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There are 14 active monarchies across Europe, ranging from the obvious to the more obscure.
Some are hugely independently wealthy, some receive generous grants and upkeep costs from their governments and some receive nothing at all.
There’s even a billionaire prince who doesn’t have a country.
Keep scrolling for the complete list of European royals, ranked by what they receive from the states they preside over.
Albert, Prince of Thurn und Taxis — no salary nor country
Albert, Prince of Thurn und Taxis, does not have a country to rule over, but is technically a German prince. After the death of his father in 1990 he became one of the world’s youngest billionaires, and his assets include real estate, art and a tech company.
In 2014, Forbes estimated his wealth to be about $1.6 billion (£1.23 billion).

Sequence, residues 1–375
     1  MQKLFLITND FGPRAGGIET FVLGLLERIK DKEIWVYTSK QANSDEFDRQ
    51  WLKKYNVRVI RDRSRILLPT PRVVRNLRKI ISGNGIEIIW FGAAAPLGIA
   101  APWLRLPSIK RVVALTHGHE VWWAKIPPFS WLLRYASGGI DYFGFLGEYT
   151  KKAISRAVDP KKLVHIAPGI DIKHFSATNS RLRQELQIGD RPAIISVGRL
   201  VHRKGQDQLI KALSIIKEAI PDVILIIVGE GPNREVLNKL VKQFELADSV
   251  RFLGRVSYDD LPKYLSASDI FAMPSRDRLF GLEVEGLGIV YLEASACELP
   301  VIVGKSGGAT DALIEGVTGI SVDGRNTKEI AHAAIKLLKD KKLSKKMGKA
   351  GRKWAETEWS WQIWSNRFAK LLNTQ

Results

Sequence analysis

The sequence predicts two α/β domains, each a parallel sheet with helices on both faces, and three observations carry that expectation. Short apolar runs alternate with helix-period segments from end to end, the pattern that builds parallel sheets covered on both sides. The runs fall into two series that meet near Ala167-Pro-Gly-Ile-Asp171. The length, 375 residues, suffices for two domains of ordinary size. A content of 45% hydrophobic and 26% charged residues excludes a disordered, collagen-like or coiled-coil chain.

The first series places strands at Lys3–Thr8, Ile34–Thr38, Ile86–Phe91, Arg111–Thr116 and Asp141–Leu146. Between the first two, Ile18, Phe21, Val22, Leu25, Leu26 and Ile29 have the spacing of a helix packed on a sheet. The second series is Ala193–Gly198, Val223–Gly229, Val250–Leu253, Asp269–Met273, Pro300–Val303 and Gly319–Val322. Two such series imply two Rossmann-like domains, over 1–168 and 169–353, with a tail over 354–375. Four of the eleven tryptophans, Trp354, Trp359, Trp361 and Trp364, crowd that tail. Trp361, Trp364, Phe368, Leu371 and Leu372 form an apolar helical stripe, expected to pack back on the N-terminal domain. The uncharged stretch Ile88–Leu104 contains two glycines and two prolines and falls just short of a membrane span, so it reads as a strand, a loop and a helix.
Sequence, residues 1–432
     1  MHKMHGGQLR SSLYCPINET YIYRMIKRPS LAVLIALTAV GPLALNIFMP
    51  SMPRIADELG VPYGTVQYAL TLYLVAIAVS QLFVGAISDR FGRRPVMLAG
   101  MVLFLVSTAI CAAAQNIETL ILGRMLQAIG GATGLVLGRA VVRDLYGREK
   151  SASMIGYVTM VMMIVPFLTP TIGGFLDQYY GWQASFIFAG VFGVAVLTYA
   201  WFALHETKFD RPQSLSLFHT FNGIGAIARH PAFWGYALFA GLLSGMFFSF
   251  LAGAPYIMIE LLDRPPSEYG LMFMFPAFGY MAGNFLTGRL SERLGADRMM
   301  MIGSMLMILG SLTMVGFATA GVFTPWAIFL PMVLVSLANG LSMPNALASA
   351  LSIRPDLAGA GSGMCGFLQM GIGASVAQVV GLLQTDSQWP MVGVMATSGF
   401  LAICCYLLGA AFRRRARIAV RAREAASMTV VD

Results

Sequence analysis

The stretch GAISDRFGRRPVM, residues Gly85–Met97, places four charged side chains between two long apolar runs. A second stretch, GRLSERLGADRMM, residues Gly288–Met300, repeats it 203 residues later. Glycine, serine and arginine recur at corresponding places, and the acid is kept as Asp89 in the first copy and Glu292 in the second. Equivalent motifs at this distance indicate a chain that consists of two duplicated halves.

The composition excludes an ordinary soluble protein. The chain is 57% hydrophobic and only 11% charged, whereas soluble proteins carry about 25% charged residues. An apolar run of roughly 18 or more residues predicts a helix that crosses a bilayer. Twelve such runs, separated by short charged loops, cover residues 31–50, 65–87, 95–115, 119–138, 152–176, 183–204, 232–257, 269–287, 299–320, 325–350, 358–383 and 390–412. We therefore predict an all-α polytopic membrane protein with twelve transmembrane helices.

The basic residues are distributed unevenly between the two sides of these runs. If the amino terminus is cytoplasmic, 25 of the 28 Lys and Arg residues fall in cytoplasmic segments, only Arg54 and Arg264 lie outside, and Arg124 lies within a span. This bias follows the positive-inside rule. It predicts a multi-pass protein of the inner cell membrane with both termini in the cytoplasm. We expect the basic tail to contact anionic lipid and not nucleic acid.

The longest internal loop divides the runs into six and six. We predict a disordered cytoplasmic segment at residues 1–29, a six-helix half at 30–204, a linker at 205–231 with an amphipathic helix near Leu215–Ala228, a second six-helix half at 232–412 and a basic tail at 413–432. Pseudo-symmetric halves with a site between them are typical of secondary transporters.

The Pope, Vatican City — no salary
The Pope, the head of the Catholic Church, does not get paid an annual salary. However, he is in charge of the Vatican budget, which has revenues around $300 million (£230 million) per year, which goes towards covering his expenses, among other things.
The Vatican’s wealth has been estimated to be somewhere in the region of $10 — $15 billion (£7.7 — £11.5 billion), which includes shareholdings and investments.
Source: Time Magazine
Giacomo dalla Torre del Tempio di Sanguinetto, Grand Master of Malta — no salary
British Queen Elizabeth II was the official Queen of Malta until 1974, when the country became a republic. However, there is a Grand Master of the Knights of Malta — the head of a Catholic fraternity founded in 1048. The Order has no territory, but is considered a sovereign entity and prints its own postage stamps and coins.
The Grand Master governs as the Order’s sovereign and religious superior. He is not given a salary, but his living costs are met.
The Order has benefactors, both private citizens and public organisations, that make donations to support its charitable work.
Source: Sovereign Order of Malta
Co-princes Joan Enric Vives Sicilia & Emmanuel Macron, Andorra — unknown
Andorra has two co-princes, one who is appointed by the Pope and the other who obtains the position by dint of becoming the French president — currently Emmanuel Macron.
They have various powers independent of the government, such as to pardon, although most of their roles require governmental approval.